Sunday 25 June 2017

Player injured after explosions near Dortmund team bus prior to match

Dortmund’s damaged team bus after the explosions. Photo: AP
Dortmund’s damaged team bus after the explosions. Photo: AP
Dortmund’s Marcel Schmelzer talks to police officers

Dean Grey, Dortmund

A Dortmund footballer was hurt after three explosions near the Dortmund team bus as it left a hotel on the outskirts of the western city yesterday.

The bus was headed for the club's stadium, around six miles away, at around 7pm local time (6pm BST). A window on the bus was damaged and Spanish defender Marc Bartra was hurt.

Dortmund said Bartra has been taken to hospital, although the club's chief executive Hans-Joachim Watzke said the defender's injuries are "nothing life-threatening".

Dortmund goalkeeper Roman Buerki said the team bus had just pulled out of the hotel driveway when an explosion sent glass flying.

The Swiss international told reporters he was sitting in the last row of the bus, next to Bartra, who he said was hit by shards from the broken back window. Players ducked for cover, wondering whether there would be more explosions.

"We're all shocked - nobody thought about a football match after that," he said.

Inside the packed stadium, supporters of Monaco, who play in the French league, chanted "Dortmund, Dortmund" in sympathy for the German side.

Dortmund residents used social media to offer accommodation to stranded Monaco fans ahead of their rescheduled match in Europe's premier soccer club competition.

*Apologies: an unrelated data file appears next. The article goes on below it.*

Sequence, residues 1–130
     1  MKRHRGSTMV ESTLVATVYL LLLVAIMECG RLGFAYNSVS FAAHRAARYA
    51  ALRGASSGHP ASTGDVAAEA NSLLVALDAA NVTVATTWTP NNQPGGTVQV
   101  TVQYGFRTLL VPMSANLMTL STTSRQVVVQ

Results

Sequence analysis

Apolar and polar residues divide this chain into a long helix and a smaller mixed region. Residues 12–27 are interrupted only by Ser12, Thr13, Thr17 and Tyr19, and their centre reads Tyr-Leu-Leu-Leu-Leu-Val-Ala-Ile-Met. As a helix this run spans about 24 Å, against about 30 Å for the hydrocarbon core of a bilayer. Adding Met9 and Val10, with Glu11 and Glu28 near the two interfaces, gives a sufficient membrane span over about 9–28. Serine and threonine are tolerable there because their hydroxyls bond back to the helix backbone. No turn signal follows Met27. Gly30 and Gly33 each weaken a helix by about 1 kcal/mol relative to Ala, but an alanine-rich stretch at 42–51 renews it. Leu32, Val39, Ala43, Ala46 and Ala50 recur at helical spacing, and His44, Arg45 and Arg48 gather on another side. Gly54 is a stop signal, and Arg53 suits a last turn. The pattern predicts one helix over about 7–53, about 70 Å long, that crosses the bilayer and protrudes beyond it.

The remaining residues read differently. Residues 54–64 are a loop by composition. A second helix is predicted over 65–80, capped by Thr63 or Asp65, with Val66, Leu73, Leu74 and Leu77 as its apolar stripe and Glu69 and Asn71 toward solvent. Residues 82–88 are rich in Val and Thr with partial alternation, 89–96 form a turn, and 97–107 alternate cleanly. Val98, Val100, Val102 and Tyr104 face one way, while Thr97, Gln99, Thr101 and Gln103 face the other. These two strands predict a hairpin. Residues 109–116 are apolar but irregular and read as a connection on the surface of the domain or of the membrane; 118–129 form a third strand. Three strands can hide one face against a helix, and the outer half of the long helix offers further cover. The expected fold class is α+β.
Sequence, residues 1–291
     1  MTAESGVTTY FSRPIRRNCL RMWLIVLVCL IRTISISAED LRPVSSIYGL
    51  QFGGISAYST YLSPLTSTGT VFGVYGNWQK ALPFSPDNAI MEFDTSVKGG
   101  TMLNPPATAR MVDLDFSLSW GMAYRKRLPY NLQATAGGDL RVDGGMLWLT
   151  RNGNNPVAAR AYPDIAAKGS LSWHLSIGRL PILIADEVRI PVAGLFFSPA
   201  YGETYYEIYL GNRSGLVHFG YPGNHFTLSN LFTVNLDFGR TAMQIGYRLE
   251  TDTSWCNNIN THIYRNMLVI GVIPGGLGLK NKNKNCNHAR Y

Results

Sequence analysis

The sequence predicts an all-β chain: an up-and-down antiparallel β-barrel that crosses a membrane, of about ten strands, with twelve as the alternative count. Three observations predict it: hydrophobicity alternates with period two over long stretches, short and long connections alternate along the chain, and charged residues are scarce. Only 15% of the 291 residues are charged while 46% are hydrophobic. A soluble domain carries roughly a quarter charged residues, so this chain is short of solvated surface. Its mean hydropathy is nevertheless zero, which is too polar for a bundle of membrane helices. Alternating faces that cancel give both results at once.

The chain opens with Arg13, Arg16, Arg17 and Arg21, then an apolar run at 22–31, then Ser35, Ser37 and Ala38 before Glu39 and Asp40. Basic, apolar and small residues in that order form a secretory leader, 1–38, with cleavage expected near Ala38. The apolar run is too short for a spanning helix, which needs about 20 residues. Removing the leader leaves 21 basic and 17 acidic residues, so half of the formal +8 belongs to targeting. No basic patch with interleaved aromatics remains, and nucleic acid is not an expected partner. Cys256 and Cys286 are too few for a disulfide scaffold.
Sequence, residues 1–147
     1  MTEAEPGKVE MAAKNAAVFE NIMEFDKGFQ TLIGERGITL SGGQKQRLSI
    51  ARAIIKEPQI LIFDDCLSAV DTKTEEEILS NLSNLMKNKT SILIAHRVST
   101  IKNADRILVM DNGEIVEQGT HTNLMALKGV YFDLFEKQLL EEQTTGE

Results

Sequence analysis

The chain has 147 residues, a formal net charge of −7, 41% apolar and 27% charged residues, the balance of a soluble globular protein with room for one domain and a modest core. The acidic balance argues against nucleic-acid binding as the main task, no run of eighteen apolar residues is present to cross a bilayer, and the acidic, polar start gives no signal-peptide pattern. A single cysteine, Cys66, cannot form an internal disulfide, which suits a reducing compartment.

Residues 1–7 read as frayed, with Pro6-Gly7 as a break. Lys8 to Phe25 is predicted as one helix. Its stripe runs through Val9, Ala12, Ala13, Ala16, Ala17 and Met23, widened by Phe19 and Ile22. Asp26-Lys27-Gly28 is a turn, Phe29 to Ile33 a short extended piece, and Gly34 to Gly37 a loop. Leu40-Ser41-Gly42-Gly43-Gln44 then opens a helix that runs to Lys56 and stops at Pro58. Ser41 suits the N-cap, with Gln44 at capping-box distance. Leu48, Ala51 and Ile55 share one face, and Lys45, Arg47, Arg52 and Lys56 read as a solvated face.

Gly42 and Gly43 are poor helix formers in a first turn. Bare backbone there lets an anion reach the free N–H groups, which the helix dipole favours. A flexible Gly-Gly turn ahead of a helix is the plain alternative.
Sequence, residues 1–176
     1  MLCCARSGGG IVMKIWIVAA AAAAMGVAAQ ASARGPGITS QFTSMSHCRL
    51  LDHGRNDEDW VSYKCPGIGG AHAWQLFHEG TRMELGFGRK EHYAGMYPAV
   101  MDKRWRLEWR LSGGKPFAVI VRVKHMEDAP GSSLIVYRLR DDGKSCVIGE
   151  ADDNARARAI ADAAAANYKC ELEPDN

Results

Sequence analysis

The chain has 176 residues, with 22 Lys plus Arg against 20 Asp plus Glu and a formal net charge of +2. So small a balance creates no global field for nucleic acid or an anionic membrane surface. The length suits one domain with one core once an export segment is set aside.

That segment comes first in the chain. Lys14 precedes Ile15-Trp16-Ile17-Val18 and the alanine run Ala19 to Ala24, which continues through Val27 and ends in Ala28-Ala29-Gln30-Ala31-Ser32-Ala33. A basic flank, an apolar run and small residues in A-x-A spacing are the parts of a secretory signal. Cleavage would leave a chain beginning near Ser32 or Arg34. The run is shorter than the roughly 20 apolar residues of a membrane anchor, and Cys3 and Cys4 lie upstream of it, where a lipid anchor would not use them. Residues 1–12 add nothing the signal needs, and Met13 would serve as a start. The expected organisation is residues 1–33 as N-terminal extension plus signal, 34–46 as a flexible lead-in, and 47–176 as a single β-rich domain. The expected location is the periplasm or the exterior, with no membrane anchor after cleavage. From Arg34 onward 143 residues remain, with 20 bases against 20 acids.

"The team is totally shocked, that's clear. It's our task now to digest this somehow because it's only 24 hours before we have to play. That's our job," Mr Watzke said.

He added that there was "no alternative" to rescheduling the match for Wednesday, as Monaco also have to play at the weekend and the return Champions League match is scheduled for next week.

"It's a very unfortunate situation but there was no other way," he said.

Stadium spokesman Norbert Dickel informed fans of the cancellation, saying "there is no reason for panic here at the stadium". Dortmund recommended that fans stay in the stadium and remain calm to facilitate an "orderly departure".

Police said "nearly all" people in the stadium had left, with no problems.

German justice minister Heiko Maas wrote on Twitter: "Shocking news. Our thoughts are with (Borussia Dortmund). You'll never walk alone!"

Germany has seen matches postponed over security concerns before.

In Hannover, in November 2015, Germany's international friendly against the Netherlands was cancelled just before kick-off after police feared an explosive device might be detonated at the stadium.

This came days after devices were detonated outside the Stade de France in Paris as France were playing Germany - part of a co-ordinated attack on the French capital.

Irish Independent

Promoted articles

Editors Choice

Also in World News